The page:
finweek

MTBPS: Debt, deficits and possible downgrades

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Minister of finance Malusi Gigaba has unveiled a bleak outlook for South Africa’s economy and public finances over the coming three years, painting a stark picture of both the risks to his projections and the impact of any further downgrades to the country’s credit ratings – an outcome that looks increasingly likely.

In his maiden mid-term budget on 25 October Gigaba warned that if South Africa’s local currency credit ratings were downgraded to junk, the country could plunge into a full-scale recession in 2018 and 2019, with capital flight pushing borrowing costs up sharply, hitting the rand and igniting inflation. 

Keeping the investment-grade status of local currency credit ratings is crucial for SA as without it government bonds will fall out of key global bond indices, which would trigger forced selling by foreigners to the tune of $10bn. 

Non-residents hold 40% of the country’s rand-denominated debt. 

If there were more limited consequences to that outcome, economic growth would nonetheless fail to exceed 1% over the next three years and the government’s debt costs – the fastest-growing component of its Budget – would still climb, according to National Treasury’s fiscal risk analysis. 

Standard & Poor’s kept the country’s local currency rating at the lowest rung of the investment-grade ladder when both it and Fitch relegated SA’s foreign currency credit ratings to junk, after President Jacob Zuma’s sweeping Cabinet reshuffle in March. 

But the rating has a negative outlook, which means that the next move will probably be downwards.

Moody’s local currency credit rating is at the same level, also with a negative outlook. 

All three rating agencies are due to deliver their next assessment of SA’s credit-worthiness at the end of November, so their reaction to Gigaba’s mid-term budget will be crucial.

“We are going to have a conference with the rating agencies later today and further meetings with them next week – I wouldn’t want to speculate how they are going to react,” Gigaba told the media before presenting his mid-term budget in Parliament. 

“We will talk very candidly with them – out of every tough situation there are opportunities. It’s in our hands to change the course we are currently on, it is required that we increase the pace and scope of structural reforms.” 

But downgrades in November may be hard to avoid, given all the negative news in the Medium-Term Budget Policy Statement which Gigaba delivered to Parliament, together with the absence of convincing measures to pull the country out of its low growth trap, and generate enough revenues to restore public finances to health.

The budget deficit and debt projections were worse than most analysts had anticipated, with a R50.8bn shortfall in tax revenue – the biggest since the recession in 2009/10 – expected to push the deficit out to 4.3% of GDP in the financial year which ends in March. 

The forecast was 3.1% of GDP in former finance minister Pravin Gordhan’s February budget.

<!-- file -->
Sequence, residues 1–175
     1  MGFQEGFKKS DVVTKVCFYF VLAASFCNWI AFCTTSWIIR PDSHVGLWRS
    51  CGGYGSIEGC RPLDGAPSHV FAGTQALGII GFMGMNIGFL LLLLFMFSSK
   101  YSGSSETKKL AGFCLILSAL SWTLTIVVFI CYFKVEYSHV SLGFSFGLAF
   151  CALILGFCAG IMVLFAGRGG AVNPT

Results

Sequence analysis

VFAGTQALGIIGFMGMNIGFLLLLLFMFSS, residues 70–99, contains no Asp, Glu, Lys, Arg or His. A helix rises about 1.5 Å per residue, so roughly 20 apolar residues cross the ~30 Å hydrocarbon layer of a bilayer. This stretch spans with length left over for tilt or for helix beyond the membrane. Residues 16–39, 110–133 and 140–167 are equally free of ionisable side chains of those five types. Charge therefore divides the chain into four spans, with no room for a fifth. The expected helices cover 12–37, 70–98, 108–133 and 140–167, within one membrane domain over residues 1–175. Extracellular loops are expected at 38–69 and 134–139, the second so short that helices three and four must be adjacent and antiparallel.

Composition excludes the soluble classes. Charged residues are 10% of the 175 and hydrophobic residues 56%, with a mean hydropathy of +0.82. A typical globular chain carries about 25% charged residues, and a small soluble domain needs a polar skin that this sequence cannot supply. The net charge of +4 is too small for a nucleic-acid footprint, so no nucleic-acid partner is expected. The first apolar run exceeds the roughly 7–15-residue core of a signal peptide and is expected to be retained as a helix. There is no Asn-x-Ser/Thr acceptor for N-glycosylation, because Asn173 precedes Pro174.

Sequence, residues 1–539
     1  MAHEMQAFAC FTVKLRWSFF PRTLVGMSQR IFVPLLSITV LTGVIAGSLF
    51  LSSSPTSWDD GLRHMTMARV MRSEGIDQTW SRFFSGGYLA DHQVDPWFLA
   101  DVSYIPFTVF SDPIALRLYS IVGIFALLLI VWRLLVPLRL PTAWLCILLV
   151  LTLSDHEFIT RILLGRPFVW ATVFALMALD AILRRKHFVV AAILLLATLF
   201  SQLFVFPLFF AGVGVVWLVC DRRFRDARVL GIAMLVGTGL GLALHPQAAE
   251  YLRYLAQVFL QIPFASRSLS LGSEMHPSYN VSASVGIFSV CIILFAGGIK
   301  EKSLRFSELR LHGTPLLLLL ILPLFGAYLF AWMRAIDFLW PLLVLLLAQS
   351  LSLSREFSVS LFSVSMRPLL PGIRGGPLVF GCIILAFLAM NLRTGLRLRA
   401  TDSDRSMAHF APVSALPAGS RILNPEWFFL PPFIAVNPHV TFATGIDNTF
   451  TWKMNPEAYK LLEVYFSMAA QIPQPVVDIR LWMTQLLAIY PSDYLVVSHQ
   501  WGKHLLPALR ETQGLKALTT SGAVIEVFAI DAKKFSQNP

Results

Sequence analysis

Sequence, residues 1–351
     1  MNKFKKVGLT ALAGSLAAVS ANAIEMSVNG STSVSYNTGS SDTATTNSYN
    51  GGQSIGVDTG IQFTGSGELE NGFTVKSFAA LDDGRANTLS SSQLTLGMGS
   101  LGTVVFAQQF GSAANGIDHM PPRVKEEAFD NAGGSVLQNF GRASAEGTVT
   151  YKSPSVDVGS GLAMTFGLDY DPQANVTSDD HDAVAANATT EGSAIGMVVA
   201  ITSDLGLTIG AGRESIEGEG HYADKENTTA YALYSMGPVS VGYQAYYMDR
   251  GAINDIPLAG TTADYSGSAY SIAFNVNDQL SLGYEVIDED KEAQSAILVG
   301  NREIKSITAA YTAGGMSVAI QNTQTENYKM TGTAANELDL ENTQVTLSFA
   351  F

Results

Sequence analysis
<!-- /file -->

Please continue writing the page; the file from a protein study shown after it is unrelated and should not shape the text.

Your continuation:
Gigaba sees the shortfall narrowing to 3.9% over each of the coming three years – a significant deterioration from estimates in February of 2.8% for 2018/19 and 2.6% for 2019/20. Even more ominously, he warned that public debt as a ratio of GDP would balloon to nearly 60% by 2020/21, and might not stabilise without faster growth or additional steps to narrow the budget deficit.

In February, that key ratio was expected to stabilise at around 53% in the medium term. 

Treasury estimated that stabilising gross debt below 60% over the coming decade would require spending cuts or tax hikes amounting to 0.8% of GDP – which in 2018/19 would amount to R40bn.

But Gigaba declined to speculate on tax measures for next year, which are normally revealed in the February Budget. 

“I may feel we need more taxes but […] it would be premature to make assumptions now,” he said in the embargoed media conference. 

For the moment Treasury plans to dig its way out of the debt hole by drawing heavily down on its contingency reserve, reducing it to R16bn for the next three years – much smaller than in previous spending cycles. 

“This diminishes the government’s capacity to respond to spending risks,” it said. 

Lower payments to the Southern African Customs Union over the coming two years will help offset tax revenue shortfalls, being set to fall by R14.1bn in 2018/19 and R19.8bn in 2019/20 in response to weaker-than-anticipated imports and household spending. 

As expected, Gigaba slashed official growth forecasts, estimating them at 0.7% this year, 1.1% next year, 1.5% in 2019 and 1.9% in 2020 – in line with independent forecasts.

Gigaba was blunt in his delivery of the bad news. “We are giving an honest view of the challenges facing our country. 

It is not in the public interest to sugar-coat the state of our economy and the challenges we are facing,” he said in his speech to Parliament.

“The period ahead is not going to be an easy one. Our resolve is to remain on course and not to deviate irretrievably from the fiscal consolidation agenda we embarked on a few years ago,” he added.

Mariam Isa is a freelance journalist who came to SA in 2000 as chief financial correspondent for Reuters news agency after working in the Middle East, the UK and Sweden, covering topics ranging from war to oil, as well as politics and economics. She joined Business Day as economics editor in 2007 and left in 2014 to write on a wider range of subjects for several publications in SA and in the UK.

This article originally appeared in the 2 November edition of finweek. Buy and download the magazine here.

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